Dr. Mike Patrick: Yeah. So, it's going to be really important for parents to make sure that they're using the right dose and if there's any question of what that dose should be, they should absolutely call their doctor.
Dr. Marcel Casavant: Correct.
Dr. Mike Patrick: And get the weight appropriate dose for their child in milliliters.
Dr. Marcel Casavant: And lastly, people end up in trouble with acetaminophen happens all the time. Acetaminophen is mixed in to a lot of other medicines. People may think they know how much acetaminophen they're taking but they're also taking a pain reliever that contains acetaminophen, they're also taking a cough/cold remedy that contains acetaminophen and when you add up how much acetaminophen you've taken or you've given your child at the end of the day it can be very surprising. So, one last caution on the acetaminophen topic is to pay very special attention to all of the medicines you're giving your child and see if any of them contain acetaminophen.
Dr. Mike Patrick: Sure.
Dr. Cheryl Laubacher: You know on that note the FDA has recently and they've been looking at it over the past few years, decreasing the formal daily amount of acetaminophen that's allowed, especially in combination products – prescription products as combination pain medicines. And then when they're looking at the total daily amount that you can purchase over the counter as well. And what they're advertising is the allowed maximum daily limit.
Dr. Mike Patrick: Sure. Now, let's move on to ibuprofen. So this is going in terms of brand names we're talking Motrin, Advil, there are lots of generic ones out there as well. And what exactly is ibuprofen used for and how does that work?
Dr. Cheryl Laubacher: Well, I'd like to add to this class Naproxen. Naproxen is also available over the counter. It's in the same drug class as ibuprofen called NSAID, which is N-S-A-I-D stands for nonsteroidal anti-inflammatory drug. And these are medications that work in the brain and also in the periphery blocking prostaglandins and as you mentioned before the chemical COX that causes inflammation and pain and swelling. These medications are used to treat fever; they're used to treat pain and also used to treat inflammation.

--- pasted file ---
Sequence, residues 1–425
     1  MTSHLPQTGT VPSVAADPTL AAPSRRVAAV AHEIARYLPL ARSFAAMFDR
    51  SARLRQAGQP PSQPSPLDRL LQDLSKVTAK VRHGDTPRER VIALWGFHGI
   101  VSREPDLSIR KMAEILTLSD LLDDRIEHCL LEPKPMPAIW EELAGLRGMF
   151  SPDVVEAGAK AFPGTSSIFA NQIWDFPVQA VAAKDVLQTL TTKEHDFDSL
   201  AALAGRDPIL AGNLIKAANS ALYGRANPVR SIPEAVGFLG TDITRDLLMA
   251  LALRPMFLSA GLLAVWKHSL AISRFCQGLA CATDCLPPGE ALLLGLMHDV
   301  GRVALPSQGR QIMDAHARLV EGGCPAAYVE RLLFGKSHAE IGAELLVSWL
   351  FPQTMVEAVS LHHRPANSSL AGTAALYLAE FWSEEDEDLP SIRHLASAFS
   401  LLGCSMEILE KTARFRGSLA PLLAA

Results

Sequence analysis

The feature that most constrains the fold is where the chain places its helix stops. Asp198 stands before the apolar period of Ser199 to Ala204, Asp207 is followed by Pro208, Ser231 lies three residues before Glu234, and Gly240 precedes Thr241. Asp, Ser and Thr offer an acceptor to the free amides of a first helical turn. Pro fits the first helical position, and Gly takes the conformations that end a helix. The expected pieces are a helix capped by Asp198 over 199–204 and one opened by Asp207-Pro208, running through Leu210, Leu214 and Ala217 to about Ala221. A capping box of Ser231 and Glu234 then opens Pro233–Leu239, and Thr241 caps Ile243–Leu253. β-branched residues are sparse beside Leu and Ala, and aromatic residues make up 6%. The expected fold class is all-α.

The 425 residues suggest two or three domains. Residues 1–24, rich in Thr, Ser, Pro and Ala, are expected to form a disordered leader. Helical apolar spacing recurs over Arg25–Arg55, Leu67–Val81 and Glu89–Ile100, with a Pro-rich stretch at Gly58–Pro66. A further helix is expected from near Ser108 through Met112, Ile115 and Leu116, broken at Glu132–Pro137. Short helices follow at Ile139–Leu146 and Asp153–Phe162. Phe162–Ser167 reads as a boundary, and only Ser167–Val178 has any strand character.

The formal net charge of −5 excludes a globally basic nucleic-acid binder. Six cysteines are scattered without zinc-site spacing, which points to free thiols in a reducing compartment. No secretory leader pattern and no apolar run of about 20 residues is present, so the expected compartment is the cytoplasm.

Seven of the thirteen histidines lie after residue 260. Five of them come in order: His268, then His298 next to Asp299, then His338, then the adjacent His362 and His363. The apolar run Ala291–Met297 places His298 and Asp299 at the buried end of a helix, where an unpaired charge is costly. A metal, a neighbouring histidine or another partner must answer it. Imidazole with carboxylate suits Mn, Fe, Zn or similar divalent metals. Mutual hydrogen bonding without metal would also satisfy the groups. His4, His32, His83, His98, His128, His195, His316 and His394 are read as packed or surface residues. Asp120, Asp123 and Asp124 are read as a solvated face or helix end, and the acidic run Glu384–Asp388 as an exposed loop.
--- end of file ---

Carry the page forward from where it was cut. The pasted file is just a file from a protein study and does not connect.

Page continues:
Dr. Mike Patrick: OK. And one of the side effects of those as opposed to the acetaminophen is the platelet issues as well. So they also affect platelet function?
Dr. Cheryl Laubacher: It does affect platelet function in adults that take platelet preventative aspirin doses these medications will interact, but with that by potentially one causing bleeding inside that you may never know about, but also it counteracts the aspirin's action – the anti-platelet action – that you're looking for to prevent another heart attack or another stroke.
Dr. Mike Patrick: Yeah.
Dr. Cheryl Laubacher: So, it's very important to check your over-the-counter medications with your pharmacist or with your physician or any prescribing health care provider that you have.
Dr. Mike Patrick: Sure.